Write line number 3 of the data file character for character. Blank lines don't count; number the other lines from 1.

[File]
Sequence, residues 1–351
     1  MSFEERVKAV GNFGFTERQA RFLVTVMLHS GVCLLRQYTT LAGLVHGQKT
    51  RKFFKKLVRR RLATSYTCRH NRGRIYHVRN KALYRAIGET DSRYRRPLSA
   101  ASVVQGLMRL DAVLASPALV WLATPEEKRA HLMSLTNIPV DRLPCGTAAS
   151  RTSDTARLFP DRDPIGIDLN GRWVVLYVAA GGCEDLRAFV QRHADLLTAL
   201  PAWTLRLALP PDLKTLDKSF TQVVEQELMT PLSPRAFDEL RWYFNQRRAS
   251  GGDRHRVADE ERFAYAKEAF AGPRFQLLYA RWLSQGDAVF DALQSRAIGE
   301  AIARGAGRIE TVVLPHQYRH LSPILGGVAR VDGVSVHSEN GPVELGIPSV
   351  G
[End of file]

    51  RKFFKKLVRR RLATSYTCRH NRGRIYHVRN KALYRAIGET DSRYRRPLSA